It is spring in the Winelands and in Pierneef à La Motte restaurant the beautiful colours and flavours of spring flowers are used creatively in an array of dishes. They add colour to your terrine and ballotine, some extra flavour and freshness to a salad or consommé and just that extra touch of joy to desserts.
And although nowadays we are delighted to see some pretty flowers on our plate, it is nothing new. During the Middle Ages, people often used flower in food and we can even see it in many paintings of that era.
In his journals, Jan van Riebeeck also refers to the usage of borage flowers in salads for their taste and beauty. In those days edible cornflowers, borage flowers and the flowers of sage, rosemary and nasturtium were often harvested in the veld to be used in the kitchen.
Some flowers with distinctive flavours such as rose petals, violets and orange blossoms were used as extract to flavour pastries and baked goods as well as savoury dishes. They were also used as jellies and jams or were preserved in alcohol or salted water for later use.
Some of the most popular flowers used in South African food are waterblommetjies, artichokes and sour figs.
Waterblommetjies Picture source
Artichoke Picture source
Sour Fig Picture source
In general people are uneducated about which flowers are poisonous and therefore hesitant to use flowers in food, but with a little bit of knowledge it is easy to transform a dull plate into a sensory sensation. Remember that everything on the plate should be edible. For a list of edible flowers, use this handy chart.
In Pierneef à La Motte we often use Lemon Verbena for its minty and lemony flavour and Pansies for their beauty. Other spring favourites are pineapple sage, Nasturtium, broccoli flowers, rocket flowers, basil sprouts and sorrel flowers.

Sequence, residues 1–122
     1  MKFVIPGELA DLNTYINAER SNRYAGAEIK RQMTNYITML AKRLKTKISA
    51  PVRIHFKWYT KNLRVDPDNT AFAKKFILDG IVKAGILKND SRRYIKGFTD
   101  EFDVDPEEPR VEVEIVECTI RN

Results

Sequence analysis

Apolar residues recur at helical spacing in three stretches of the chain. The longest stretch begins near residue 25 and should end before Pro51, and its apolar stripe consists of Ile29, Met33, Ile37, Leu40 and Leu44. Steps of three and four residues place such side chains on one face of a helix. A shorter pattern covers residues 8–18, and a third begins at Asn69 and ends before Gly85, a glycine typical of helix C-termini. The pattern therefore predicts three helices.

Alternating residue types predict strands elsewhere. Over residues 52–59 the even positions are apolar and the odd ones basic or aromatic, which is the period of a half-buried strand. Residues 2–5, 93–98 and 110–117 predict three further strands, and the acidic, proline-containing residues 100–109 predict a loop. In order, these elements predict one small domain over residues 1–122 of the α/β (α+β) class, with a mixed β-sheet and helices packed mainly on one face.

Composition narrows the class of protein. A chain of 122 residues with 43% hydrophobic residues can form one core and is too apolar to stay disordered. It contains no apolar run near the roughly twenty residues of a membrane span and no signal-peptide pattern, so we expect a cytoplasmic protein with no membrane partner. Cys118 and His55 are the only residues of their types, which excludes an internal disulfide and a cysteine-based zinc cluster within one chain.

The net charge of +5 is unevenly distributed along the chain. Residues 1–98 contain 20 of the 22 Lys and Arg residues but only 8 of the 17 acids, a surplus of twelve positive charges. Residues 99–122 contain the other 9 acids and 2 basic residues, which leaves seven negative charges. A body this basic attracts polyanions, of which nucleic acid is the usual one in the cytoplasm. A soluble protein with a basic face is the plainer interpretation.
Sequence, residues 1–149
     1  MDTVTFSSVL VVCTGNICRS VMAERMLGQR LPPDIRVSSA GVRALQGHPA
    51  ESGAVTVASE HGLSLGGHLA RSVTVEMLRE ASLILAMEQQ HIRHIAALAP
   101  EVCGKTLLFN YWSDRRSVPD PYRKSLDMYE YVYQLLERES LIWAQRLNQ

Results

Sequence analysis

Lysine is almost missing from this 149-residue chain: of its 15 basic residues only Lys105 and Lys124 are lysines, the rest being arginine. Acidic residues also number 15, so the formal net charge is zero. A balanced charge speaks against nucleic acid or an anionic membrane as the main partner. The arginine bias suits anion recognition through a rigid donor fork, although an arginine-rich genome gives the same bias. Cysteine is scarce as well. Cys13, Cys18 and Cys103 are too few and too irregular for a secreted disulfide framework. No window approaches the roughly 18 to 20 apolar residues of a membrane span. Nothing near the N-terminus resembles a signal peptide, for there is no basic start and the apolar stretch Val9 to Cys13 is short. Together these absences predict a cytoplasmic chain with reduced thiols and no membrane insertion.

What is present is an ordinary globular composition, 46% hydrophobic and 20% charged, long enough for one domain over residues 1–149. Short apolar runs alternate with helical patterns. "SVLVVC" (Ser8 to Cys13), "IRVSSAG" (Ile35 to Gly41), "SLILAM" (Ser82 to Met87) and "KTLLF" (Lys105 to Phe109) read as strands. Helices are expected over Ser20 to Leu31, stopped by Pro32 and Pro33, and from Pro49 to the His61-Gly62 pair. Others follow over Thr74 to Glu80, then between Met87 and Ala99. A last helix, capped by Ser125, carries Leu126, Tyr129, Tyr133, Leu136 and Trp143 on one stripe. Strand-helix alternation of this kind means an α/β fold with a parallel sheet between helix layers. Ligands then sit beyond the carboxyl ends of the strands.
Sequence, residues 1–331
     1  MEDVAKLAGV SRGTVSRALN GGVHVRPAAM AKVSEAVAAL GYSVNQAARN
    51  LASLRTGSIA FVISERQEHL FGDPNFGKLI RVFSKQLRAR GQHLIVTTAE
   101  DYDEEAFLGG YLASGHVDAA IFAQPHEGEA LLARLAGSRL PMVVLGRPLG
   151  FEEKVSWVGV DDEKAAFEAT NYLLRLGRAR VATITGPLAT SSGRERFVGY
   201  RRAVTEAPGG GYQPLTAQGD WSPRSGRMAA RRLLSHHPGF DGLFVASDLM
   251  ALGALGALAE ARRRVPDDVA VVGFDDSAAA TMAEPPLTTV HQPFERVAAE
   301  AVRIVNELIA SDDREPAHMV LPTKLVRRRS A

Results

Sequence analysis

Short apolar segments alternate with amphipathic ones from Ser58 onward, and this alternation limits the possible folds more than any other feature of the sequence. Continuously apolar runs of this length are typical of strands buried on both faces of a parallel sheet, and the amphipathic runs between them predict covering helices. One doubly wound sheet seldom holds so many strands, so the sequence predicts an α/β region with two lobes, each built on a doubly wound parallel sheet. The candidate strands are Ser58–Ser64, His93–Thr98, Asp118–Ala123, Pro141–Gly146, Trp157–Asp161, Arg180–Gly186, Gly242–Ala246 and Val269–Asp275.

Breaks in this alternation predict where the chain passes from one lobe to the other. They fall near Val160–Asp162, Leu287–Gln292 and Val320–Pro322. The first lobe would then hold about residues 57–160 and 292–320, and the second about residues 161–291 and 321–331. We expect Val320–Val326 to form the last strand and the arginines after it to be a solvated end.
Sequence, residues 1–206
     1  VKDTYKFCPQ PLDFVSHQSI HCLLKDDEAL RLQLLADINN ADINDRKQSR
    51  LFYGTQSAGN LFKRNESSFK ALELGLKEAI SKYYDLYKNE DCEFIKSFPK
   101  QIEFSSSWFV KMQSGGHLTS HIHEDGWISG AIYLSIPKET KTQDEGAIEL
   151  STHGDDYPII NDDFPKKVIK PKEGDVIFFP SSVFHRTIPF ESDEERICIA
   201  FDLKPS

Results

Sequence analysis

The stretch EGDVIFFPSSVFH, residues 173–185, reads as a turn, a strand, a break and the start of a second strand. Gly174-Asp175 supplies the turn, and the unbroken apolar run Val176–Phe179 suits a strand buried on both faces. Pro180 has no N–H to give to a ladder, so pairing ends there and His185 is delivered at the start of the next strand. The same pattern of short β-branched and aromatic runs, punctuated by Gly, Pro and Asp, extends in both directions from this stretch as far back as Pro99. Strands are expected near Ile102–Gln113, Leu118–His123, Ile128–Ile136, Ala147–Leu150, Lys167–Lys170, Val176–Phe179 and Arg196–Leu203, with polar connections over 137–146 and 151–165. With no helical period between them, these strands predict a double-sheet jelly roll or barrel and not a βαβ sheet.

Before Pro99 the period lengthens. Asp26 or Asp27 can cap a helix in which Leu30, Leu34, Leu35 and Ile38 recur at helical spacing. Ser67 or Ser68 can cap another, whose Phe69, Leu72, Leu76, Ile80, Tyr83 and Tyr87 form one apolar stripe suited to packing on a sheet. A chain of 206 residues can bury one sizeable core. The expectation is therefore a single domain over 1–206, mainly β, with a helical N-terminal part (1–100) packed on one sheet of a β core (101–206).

Pineapple sage (red flowers), Nasturtium (orange), broccoli (yellow), rocket (white) and sorrel (green).
In our cookbook, Cape Winelands Cuisine, sharing the history and recipes of the traditional food of the Cape Winelands, flowers are also used as decoration and ingredients.
Bacon Tart with chive flowers (page 25)
Pickled ox tongue with anchovy and caper sauce with purple sage flowers (age 133)
Melon soup with chopped mint and basil flowers (p 199)
Recipe for Melon soup with chopped mint and basil flowers
Jan van Riebeeck planted the first melon at the Cape. In the Netherlands and later in the Cape, the fruit was served thinly sliced and eaten with salt and sand sometimes with pepper. As an interesting aside, the first melons harvested at the Cape were quite small and, in 1659, Jan van Riebeeck declared that a melon could be sold for a quarter penny if it was ripe and weighed at least a pound (450 g).
This recipe is an example of the sweet soups the seventeenth century.
1 sweet melon
7 Tbsp (105 ml) sweet dessert wine or sherry
2 sprigs fresh mint
1 cup (250 ml) fresh cream
1 cup (250 ml) finely diced fresh seasonal fruit
Chopped fresh mint, for garnishing
Peel the melon and purée the flesh in a blender with the wine until smooth
Add the mint refrigerate overnight.
The following day, remove the mint and add the cream.
Scoop ¼ (60 ml) of the fresh diced fruit into a soup plate.
Pour the melon soup over and garnish with chopped mint.